The effect of sepsis and septic shock on the viscoelastic properties of clot quality and mass using rotational thromboelastometry: A prospective observational study

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Abstract

Purpose:

The study purpose was to define changes in coagulation across the sepsis spectrum using rotational thromboelastometry (ROTEM).

Methods:

Sepsis patients were recruited on admission to the Emergency Department and Intensive Care Units of a large teaching hospital in Wales. ROTEM markers of clot development and fibrinolysis were determined, as well as standard coagulation markers. A healthy control group matched for age and gender was also recruited (n = 44).

Results:

100 patients were recruited (50 sepsis, 20 severe sepsis and 30 septic shock). Maximum clot firmness was significantly higher in the sepsis (p < 0.001) and severe sepsis (p = 0.012) groups than the healthy control (71.6 ± 4.5 and 70.4 ± 4.1 vs 64.4 respectively). In septic shock there was prolonged clot development; however, maximum clot firmness remained normal. Fibrinolytic function was significantly impaired in septic shock, which was also significantly associated with 28-day mortality (p < 0.001).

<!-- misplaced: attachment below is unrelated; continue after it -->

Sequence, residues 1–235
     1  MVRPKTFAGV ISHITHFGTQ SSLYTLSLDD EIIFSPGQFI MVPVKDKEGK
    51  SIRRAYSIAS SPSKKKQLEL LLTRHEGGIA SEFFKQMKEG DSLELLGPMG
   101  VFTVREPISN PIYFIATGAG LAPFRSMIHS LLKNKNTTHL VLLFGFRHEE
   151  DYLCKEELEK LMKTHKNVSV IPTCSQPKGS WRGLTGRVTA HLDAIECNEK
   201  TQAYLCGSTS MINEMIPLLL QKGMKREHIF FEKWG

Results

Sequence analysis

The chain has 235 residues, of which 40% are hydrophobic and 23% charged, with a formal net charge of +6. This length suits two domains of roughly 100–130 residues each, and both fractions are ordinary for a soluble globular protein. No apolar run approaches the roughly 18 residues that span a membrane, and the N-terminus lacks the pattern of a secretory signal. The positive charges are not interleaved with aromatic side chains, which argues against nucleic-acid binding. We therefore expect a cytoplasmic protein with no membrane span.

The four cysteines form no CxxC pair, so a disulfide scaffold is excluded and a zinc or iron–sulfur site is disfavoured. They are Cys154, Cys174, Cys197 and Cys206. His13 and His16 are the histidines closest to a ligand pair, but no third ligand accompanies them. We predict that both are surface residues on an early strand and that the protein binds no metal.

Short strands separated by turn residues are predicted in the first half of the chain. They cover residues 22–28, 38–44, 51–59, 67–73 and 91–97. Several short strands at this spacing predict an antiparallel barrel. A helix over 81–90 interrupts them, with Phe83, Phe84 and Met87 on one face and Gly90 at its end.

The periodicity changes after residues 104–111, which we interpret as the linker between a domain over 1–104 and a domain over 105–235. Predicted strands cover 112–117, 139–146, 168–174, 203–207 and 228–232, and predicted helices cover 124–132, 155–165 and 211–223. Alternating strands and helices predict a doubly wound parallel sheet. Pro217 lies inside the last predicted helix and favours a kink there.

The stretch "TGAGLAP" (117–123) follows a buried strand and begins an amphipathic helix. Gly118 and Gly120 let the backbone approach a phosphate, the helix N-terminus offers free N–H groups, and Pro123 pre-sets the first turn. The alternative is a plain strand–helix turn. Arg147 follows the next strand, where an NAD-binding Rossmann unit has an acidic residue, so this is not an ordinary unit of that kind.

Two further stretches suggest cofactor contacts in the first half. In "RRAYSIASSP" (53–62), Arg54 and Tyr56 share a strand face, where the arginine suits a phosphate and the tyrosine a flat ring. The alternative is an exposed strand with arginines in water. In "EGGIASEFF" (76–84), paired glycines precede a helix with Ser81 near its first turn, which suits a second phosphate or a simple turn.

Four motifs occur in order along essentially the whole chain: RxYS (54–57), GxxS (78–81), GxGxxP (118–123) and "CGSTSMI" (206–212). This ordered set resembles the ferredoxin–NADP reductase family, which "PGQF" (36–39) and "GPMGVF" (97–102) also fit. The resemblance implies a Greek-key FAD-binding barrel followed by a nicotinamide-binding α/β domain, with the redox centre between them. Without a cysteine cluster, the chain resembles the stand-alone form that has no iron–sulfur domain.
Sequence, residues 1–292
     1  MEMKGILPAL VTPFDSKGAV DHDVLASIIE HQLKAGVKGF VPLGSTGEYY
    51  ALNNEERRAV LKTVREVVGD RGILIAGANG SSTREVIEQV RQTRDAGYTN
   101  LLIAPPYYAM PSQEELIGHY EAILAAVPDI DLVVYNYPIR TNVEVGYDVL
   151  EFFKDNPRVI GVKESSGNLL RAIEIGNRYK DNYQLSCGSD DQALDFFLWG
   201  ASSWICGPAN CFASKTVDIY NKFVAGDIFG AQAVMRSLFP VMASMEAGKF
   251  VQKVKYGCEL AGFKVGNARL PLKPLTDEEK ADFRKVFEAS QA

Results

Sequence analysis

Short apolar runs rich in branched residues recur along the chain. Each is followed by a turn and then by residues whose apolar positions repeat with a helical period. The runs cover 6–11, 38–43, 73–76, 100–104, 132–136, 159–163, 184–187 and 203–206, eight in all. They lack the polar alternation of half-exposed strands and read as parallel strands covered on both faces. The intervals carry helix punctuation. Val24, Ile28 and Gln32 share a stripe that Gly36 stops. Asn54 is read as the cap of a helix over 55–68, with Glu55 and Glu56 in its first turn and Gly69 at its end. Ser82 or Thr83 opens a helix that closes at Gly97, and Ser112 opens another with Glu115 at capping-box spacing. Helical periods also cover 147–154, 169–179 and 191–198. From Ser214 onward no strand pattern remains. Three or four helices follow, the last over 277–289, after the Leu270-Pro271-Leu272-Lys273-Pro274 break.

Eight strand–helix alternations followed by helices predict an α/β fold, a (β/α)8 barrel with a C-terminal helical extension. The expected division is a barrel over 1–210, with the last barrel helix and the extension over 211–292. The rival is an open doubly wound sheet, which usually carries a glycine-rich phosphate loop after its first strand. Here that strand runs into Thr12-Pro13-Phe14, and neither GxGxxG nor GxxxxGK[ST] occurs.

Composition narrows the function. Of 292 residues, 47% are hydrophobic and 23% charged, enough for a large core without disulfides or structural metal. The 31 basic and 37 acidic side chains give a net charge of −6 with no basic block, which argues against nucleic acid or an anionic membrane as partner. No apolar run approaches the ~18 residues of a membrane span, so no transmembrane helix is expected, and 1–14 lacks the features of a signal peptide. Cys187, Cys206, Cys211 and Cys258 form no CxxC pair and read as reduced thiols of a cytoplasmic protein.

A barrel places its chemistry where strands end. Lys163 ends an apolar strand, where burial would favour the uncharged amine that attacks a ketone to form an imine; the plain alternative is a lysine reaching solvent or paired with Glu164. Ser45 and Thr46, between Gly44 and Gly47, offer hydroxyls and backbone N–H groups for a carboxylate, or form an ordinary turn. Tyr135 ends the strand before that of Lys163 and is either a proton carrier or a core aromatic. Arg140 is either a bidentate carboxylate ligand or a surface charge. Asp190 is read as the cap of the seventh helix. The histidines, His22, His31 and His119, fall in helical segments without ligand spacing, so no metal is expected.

Conclusions:

ROTEM indicated significantly enhanced clot structural development in sepsis and severe sepsis, which could be indicative of a hypercoagulable phase. In septic shock, despite there being a prolongation of clotting pathways and impaired fibrinolysis, clot mass was comparably normal, suggestive of the development of a clot with healthy characteristics.

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